“Really, it’s a way to keep people warm,” Cline said.
The fireworks show dovetailing with the potato drop will be twice as large last year’s, staged by Western Display Fireworks of Canby, Ore.
This year, however, action entertainment will be in store for spectators with the snowboard rail jam pro-am competition that Neptune is staging next to the potato drop with professional snowboarders from neighboring states. This will involve a 40-by-80-foot, two-tiered snowboarding surface with rails installed along the course, which will have two flat platforms and two slanted platforms, Neptune said.
“It’s a skateboard park for the snow,” Neptune said. “It will be crazy cool.”
Neptune himself was a professional snowboard racer from 1992 to 2004, and was first overall U.S. snowboard boardercross champion in 1999. Even before he became a professional snowboarder, in 1987 he established Neptune Industries, a local metal manufacturing company in support of terrain park features. That was followed in 1992 with his Planet Snowtools, now called just Planet, with which he has built more than 500 snowboard terrain parks in 10 countries, including for the Salt Lake City Winter Olympics in 2002. He also built the big air and half pipe circuits for the 2016 Snowboard World Championships near Harbin, China.
And he’s built hundreds of temporary rail jam facilities in unlikely places such as Times Square in New York City, a beach in San Diego, the Rose Quarter in Portland, and the Hard Rock Café in Las Vegas.
Recent years, however, have shifted Neptune’s focus to his newest company, Gateway Parks, established in 2011. Gateway Parks builds snowparks in cities, such as the one at Eagle Island State Park.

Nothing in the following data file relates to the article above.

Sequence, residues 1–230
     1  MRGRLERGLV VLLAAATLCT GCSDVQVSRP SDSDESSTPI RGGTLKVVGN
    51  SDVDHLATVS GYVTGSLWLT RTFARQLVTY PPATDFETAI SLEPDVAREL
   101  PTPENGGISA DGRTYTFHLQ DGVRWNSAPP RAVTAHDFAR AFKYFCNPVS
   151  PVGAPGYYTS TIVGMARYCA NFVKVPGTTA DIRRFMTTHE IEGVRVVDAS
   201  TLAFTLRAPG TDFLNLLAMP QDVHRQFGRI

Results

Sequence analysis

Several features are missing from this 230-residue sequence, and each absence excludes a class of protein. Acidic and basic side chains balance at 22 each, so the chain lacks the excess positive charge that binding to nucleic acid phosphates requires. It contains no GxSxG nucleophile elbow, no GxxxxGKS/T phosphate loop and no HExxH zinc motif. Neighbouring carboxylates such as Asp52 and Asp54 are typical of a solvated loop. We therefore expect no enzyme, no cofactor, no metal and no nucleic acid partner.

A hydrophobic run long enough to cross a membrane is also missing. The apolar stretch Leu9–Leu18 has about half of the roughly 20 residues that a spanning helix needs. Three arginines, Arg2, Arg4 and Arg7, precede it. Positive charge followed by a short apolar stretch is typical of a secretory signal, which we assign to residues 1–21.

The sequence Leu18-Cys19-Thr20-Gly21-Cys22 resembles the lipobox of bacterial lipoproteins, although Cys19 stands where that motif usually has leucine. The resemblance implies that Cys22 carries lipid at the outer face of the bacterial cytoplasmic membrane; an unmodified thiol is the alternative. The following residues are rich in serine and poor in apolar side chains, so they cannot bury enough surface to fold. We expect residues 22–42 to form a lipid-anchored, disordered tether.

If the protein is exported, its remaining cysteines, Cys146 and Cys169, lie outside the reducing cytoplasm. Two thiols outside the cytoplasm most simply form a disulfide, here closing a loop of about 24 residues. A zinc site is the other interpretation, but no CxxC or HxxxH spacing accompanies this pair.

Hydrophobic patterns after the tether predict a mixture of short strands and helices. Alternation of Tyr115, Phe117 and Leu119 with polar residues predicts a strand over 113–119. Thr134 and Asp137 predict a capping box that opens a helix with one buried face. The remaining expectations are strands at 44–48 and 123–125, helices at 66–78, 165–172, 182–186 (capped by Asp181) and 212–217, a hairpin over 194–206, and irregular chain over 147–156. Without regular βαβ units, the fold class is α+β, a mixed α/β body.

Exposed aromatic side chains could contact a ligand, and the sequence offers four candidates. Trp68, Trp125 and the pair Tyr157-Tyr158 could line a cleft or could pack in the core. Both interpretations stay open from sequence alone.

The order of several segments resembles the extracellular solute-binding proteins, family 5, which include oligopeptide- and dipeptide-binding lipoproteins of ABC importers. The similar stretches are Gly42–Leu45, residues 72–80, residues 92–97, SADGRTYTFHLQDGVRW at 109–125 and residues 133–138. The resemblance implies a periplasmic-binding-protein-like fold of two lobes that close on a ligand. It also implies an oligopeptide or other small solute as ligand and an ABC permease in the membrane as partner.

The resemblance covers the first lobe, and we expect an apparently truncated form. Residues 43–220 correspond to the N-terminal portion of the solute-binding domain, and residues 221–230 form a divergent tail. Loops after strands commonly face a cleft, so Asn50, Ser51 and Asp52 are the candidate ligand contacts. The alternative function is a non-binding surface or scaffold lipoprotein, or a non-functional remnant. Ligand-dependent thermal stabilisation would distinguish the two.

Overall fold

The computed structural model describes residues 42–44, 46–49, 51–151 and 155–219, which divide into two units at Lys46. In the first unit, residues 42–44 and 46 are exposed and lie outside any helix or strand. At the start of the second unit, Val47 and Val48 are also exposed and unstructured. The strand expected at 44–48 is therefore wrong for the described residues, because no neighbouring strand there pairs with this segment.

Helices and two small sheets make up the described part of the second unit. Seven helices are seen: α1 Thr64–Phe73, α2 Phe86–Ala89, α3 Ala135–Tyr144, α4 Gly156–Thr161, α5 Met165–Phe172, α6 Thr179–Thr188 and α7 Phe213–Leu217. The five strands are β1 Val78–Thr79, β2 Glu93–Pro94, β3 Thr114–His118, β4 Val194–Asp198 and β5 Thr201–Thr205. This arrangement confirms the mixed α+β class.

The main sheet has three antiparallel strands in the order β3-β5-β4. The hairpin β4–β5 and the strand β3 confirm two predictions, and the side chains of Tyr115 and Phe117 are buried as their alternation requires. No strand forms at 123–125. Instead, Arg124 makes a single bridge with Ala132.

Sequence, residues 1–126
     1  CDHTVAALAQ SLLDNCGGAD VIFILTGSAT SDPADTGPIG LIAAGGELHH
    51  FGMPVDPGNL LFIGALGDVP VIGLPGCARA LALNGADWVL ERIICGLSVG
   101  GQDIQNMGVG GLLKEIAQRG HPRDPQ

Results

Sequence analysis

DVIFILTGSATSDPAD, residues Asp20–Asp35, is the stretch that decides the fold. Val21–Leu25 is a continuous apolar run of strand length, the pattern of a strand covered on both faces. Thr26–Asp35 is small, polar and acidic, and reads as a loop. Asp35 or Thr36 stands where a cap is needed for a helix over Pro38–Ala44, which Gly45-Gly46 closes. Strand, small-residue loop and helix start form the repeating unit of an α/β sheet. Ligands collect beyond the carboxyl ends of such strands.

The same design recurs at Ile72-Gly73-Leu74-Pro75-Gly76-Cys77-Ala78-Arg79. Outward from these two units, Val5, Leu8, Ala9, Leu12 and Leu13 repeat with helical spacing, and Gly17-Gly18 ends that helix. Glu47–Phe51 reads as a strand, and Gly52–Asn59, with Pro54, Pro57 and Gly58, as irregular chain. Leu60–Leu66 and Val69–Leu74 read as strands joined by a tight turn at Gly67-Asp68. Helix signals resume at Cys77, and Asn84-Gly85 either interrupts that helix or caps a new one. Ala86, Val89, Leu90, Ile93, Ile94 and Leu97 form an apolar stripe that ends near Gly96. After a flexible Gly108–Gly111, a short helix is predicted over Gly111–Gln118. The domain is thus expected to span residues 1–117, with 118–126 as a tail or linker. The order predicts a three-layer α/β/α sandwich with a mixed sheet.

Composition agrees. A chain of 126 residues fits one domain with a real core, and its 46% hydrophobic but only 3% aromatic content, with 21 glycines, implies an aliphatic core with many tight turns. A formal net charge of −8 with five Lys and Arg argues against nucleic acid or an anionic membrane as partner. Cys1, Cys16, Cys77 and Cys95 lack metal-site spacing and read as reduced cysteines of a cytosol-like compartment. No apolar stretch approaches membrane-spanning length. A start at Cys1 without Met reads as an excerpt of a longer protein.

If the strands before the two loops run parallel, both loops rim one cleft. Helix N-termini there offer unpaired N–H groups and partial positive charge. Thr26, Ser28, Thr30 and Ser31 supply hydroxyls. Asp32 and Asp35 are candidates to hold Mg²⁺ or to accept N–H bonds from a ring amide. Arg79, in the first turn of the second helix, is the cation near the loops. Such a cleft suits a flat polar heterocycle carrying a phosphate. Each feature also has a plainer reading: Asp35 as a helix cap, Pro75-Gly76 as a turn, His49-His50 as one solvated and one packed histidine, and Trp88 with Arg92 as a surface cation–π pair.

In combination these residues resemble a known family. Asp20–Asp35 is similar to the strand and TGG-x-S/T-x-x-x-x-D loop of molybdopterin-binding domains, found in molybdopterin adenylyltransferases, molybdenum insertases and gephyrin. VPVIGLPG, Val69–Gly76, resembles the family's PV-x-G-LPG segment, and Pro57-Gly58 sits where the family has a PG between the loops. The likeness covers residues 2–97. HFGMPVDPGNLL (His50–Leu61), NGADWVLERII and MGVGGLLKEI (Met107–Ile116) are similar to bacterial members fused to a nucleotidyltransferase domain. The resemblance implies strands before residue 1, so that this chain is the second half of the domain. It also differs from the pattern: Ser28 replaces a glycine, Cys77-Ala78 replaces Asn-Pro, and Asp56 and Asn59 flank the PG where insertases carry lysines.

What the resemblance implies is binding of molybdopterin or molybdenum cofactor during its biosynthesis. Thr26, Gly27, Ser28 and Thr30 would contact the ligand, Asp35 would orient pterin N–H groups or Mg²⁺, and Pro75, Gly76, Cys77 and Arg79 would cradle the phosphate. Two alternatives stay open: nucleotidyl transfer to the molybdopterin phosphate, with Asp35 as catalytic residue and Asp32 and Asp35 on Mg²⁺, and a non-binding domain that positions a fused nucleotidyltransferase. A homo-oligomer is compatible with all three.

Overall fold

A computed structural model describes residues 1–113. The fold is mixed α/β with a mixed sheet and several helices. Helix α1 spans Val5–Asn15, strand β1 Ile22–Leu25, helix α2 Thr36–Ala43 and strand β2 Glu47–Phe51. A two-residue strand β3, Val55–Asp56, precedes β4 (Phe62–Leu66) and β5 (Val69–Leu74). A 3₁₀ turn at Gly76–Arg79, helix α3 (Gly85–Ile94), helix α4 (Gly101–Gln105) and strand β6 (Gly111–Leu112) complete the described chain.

“The whole idea is to bring a mountain to the people,” Neptune said.
So far, Neptune has built just two snowparks with Gateway Parks. These are two-acre beginner urban ski areas for children with a tubing hill on one side and a 20- to 40-foot ski slope and snowboarding terrain on the other. He built the first at Hawk Island in Lansing, Mich. After three years, that snowpark was moved to Rockford, Ill., and now is in Franklin, Wisc., outside Milwaukee.
Neptune is in discussions to build as many as 20 more of these urban snowparks.
“Fifty to 70 percent of the kids who go are Hispanic,” Neptune said. “I want to grow the industry.”
Idaho Potato Drop went viral
Cline believes the rail jam will add excitement to the New Year’s Eve festivities.
“I’m always going to rail jam events,” Cline said. “I think the rail jam element takes it to a whole new level. It brings legitimacy to our event. We needed to do something to compete with other cities.”
KTVB televised the first potato drop and shared it with sister network affiliates, with Boise ending up showcased with a dozen other New Year’s Eve object drops around the world on MSNBC.
Reader’s Digest in its “Best of America” sections chose the Idaho Potato Drop to represent the state in a “50 Astonishing Facts You Never Knew About the 50 States.”
“We were in the British Airways in-flight magazine,” Cline said.
Muir has experienced tangible results for his Idaho Potato Commission investment in New Year’s Eve, Boise-style.
“People are coming from all over the country and outside the U.S,” Muir said. “I met people last year from Germany and Australia. One couple said: ‘We’re from New York. We had to see a potato drop.”
At the beginning, why did Cline think people would show up for his first Idaho Potato Drop?
“Because we were dropping a potato,” he said.